Two Pomona Seniors Win $15,000 Napier Grants for Social Change Projects

Sophie Roe and Alejandro Guerrero

Two Pomona College seniors have won Napier Awards for Creative Leadership to carry out individual projects for social change immediately upon graduation. Every year, two students from The Claremont Colleges are selected by the Napier Initiative for a $15,000 grant for their proposed projects.

The Napier Initiative is a partnership between Pilgrim Place and The Claremont Colleges to encourage leadership in social change. Every year, each college can nominate up to three seniors in the fall to become Napier Fellows. The fellows meet at Pilgrim Place several times during the academic year and are paired with a mentor from Pilgrim Place to stimulate intergenerational learning. Two grant winners are chosen from the fellows.

Alejandro Guerrero ’19, an anthropology major who was born in Hidalgo, Mexico, but raised in Charlotte, North Carolina, and president of the Associated Students of Pomona College, will continue the oral history project, “Voces de Cambio” (Voices of Change), that he started his junior year with Professor of Anthropology Joanne Nucho and Gente Organizada, a nonprofit organization in the city of Pomona.  

Guerrero will spend his year working directly with local high school youth at Gente Organizada, training them in anthropology methodology to conduct interviews with local changemakers – residents who have been involved in efforts to create social change in the city of Pomona. The goal is creating a sustainable project where youth will be empowered to uncover the stories of positive change in their own city and ultimately exhibit this work to the public.

The idea for the project was born during Guerrero’s sophomore year, when he took Nucho’s Anthropology of Environmental Justice course. Through the class, he connected with local activists in the city of Pomona, including Gente Organizada’s executive director Jesus Sanchez. Since then, Guerrero has become deeply involved in the organization, working with local organizers, many of them Latina immigrant mothers of school-aged children.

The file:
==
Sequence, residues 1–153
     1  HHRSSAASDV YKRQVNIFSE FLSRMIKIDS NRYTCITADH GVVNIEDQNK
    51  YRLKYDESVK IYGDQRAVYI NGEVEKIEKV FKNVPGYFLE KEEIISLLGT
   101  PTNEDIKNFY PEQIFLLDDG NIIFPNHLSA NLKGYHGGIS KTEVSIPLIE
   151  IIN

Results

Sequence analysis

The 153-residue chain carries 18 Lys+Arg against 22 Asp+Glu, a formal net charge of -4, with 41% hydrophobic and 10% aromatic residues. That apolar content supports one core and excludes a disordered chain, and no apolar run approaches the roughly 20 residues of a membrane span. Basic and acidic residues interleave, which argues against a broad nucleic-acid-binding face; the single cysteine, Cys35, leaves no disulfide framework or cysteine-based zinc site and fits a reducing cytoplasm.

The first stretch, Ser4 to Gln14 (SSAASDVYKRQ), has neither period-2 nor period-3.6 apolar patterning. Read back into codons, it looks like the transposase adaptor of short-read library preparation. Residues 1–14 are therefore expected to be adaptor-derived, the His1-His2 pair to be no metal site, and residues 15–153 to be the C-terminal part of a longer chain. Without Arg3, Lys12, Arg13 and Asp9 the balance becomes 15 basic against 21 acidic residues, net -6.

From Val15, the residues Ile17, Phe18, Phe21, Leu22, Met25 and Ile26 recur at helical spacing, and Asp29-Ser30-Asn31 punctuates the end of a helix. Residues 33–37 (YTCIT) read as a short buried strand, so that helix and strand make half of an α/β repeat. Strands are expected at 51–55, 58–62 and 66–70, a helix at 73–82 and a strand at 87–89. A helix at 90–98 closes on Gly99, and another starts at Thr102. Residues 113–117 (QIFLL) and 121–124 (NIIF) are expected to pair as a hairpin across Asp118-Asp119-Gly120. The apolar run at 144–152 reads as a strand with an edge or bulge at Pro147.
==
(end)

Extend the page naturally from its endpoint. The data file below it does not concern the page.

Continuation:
"I want to help change the stigma associated with the city of Pomona and I want to use photography and video to do it,” says Guerrero, who hopes that the youth will create short videos appealing to young audiences and inspire them to see the cultural wealth of history and heritage in their city.

Guerrero and Nucho secured initial funding for Voces de Cambio during spring of 2018 after winning Pomona College’s inaugural Presidential Challenge Grant, a $10,000 award that allowed them to purchase videography equipment for interview and digital editing stations for the archive. The Napier Award will allow Guerrero to stay in Pomona for an additional year after graduation and continue to train youth and grow the project into a self-sustaining program for Gente Organizada.

Guerrero ultimately plans to pursue a Ph.D. in anthropology or medical anthropology and focus on community partnerships. “I want my research to be impactful and make a lasting mark on communities.” 

Sophie Roe ’19, a double major in public policy analysis and biology from Pittsburgh, Pennsylvania, will continue Pomona Employment Partners (PEP), a student volunteer program that connects individuals experiencing homelessness in the city of Pomona with employment opportunities by providing assistance with job searches, applications, resumés and other assistance at Hope for Home.

Roe founded PEP under the Draper Center’s Hunger and Homelessness Initiatives in fall 2017. Since then, she has expanded the project thanks to a $15,000 grant from the Strauss Foundation which allowed PEP to hire a four-student leadership team, recruit students from surrounding colleges to volunteers and incorporate iPads and other technology.

In the fall of 2018, Roe says PEP faced challenges with securing job placements due to the many barriers to employment that clients face. In response, she reached out to Goodwill Southern California in hopes of creating an agreement that would facilitate PEP client placement at Goodwill stores.

Thanks to Roe’s work, Hope for Home has now signed on Goodwill as its on-site employer. Goodwill will soon begin a paid job training program with PEP volunteers serving as co-facilitators.

Roe plans to use the Napier award to further develop and co-implement the Goodwill Job Training program at Hope for Home. The award will allow for restructuring roles for PEP volunteers who are building and continuously evaluating project outcomes and soliciting participant feedback.

The Goodwill program is slated to begin July 1 and Roe hopes that it will prove to be an enriching experience for both residents and PEP volunteers alike.

Roe plans to enter medical school soon in the near future and become a primary care physician to provide accessible and effective health care services to people who have substance abuse disorders and/or are experiencing homelessness.